In this video adapted from ATETV, Travis Blackwell talks about his job as a field service engineer with ESAB Equipment. Travis is responsible for installing automated welding and cutting machinery at customer workplaces and training workers on their use. He credits his technical college education with having taught him problem solving and analytical skills, and with giving him the hands-on training that has made him successful in his career. He also explains how an internship completed during his two-year degree program in electromechanical engineering technology helped prepare him for his current job.
Electromechanical engineering technicians (EETs) apply their knowledge of mechanical engineering technology and electrical and electronic circuits to solve practical problems in manufacturing. In broad terms, EETs work with equipment that uses electric power to control mechanical systems and devices. EETs understand the basic laws of electricity and electronics as well as mechanics.
Many EETs work in factories in which electrical, mechanical, and pneumatic equipment is used to manufacture a product. It is the responsibility of the EETs to maintain, adjust, and repair the equipment that controls the manufacturing process. This means routine maintenance and repair work must be performed correctly and quickly so that the equipment can be returned to service in a timely manner. EETs may also be directly involved in the production of new electromechanical equipment. In this role they help the mechanical and electrical engineers who design and develop new equipment by performing tests, recording results, and preparing written reports.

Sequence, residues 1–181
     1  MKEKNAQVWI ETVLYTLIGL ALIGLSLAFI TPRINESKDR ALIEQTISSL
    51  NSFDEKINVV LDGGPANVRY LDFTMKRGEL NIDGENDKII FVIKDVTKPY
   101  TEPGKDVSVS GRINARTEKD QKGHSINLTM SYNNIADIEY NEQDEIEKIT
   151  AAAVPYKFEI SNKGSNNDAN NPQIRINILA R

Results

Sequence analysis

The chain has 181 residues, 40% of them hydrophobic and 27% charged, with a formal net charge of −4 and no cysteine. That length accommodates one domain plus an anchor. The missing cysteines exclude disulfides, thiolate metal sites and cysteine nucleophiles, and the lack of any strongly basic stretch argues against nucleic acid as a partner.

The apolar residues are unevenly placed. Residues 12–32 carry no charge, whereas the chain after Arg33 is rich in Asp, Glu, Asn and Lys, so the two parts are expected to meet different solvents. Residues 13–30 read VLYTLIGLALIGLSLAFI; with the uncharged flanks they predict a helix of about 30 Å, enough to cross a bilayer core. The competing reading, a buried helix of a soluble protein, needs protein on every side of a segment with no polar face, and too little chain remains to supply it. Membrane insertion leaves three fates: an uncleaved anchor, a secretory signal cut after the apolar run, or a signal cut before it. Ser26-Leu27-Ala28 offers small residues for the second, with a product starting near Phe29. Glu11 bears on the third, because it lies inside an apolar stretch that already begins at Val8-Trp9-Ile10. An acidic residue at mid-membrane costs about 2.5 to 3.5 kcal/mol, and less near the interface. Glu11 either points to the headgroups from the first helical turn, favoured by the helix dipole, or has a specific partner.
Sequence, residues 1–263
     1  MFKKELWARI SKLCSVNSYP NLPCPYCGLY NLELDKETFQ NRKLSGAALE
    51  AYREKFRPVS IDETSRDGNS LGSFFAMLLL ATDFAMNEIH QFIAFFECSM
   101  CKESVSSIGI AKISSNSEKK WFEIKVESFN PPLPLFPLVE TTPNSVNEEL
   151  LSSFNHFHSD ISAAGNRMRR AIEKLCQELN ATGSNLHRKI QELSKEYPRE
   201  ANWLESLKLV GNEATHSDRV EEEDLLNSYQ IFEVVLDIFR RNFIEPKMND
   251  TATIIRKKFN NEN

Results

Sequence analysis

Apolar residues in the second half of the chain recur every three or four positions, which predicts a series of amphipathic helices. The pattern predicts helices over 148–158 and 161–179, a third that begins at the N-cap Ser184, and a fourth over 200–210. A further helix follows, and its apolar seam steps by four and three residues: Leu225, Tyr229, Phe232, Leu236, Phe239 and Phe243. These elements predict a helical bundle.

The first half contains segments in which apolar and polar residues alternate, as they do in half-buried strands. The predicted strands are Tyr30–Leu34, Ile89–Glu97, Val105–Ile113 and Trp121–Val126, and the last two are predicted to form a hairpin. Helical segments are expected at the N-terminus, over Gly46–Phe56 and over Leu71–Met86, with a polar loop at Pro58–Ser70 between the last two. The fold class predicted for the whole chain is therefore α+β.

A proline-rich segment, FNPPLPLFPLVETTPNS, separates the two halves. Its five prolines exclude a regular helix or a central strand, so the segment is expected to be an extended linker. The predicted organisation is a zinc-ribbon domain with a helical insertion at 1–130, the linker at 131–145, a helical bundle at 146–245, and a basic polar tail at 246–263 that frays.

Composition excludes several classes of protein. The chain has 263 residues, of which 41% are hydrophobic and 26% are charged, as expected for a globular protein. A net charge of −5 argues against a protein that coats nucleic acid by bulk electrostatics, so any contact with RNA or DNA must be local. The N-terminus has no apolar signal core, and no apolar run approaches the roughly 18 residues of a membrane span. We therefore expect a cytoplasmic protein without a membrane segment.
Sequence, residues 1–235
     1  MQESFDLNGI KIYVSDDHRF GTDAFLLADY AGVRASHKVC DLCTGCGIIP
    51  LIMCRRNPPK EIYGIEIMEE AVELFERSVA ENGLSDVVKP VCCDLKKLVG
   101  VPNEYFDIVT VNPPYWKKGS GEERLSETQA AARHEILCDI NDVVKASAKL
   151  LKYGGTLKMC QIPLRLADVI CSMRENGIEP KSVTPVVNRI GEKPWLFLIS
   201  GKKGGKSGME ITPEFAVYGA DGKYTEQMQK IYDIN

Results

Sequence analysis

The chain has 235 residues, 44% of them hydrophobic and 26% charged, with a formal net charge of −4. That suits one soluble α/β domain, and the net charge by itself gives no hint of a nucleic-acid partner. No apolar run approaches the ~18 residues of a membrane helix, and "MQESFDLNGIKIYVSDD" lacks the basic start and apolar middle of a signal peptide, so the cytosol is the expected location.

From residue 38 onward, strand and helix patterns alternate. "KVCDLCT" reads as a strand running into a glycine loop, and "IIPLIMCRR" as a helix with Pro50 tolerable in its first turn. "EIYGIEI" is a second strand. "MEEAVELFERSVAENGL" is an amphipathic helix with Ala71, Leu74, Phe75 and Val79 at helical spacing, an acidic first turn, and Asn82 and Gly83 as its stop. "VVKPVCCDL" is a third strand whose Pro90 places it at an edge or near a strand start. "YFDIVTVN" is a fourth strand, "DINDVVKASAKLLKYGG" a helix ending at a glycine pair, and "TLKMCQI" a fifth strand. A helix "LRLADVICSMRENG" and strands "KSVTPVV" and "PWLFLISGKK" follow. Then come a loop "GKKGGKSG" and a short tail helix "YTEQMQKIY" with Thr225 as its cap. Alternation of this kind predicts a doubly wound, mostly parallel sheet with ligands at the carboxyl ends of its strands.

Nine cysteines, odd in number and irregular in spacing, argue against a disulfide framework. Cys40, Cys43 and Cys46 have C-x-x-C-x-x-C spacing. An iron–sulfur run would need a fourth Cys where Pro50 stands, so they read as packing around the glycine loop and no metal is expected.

Travis Blackwell, who is featured in this video, works as a field service engineer for ESAB Equipment, a company that makes welding and cutting equipment. Field service engineers are qualified EETs who install and repair electronic equipment in the field—that is, at customer worksites. They study blueprints, manuals, and other design specifications to determine proper installation procedures, and consult with the customer to plan the layout of the equipment. They install or oversee installation of the equipment and test it to ensure it is working correctly. Field service engineers may also train customers on the equipment’s operation and routine maintenance.
EETs may also work in other roles and in other industries. For example, they might work as sales representatives, selling equipment to customers; as maintenance or repair representatives; or even as technical writers, producing manuals that explain how to install and operate equipment. Most employers prefer to hire EETs who have a two-year associate’s degree or other training in engineering technology. Through a mix of classroom instruction and labs, two-year degree programs are designed to provide instruction in electrical systems and electronics as a complement to mechanical concepts training. Coursework covers circuitry, instrumentation, computers, machine elements, manufacturing processes, and basic programming.
Prospective EETs should take as many mathematics and science courses in high school as possible, including algebra, geometry, trigonometry, and physics. Degree programs in electromechanical engineering technology also emphasize the importance of good communication skills. Therefore, writing and public speaking classes will likely be part of the program requirements. After completing a two-year program, some graduates get jobs as EETs, while others choose to continue their education at four-year colleges and become engineers.
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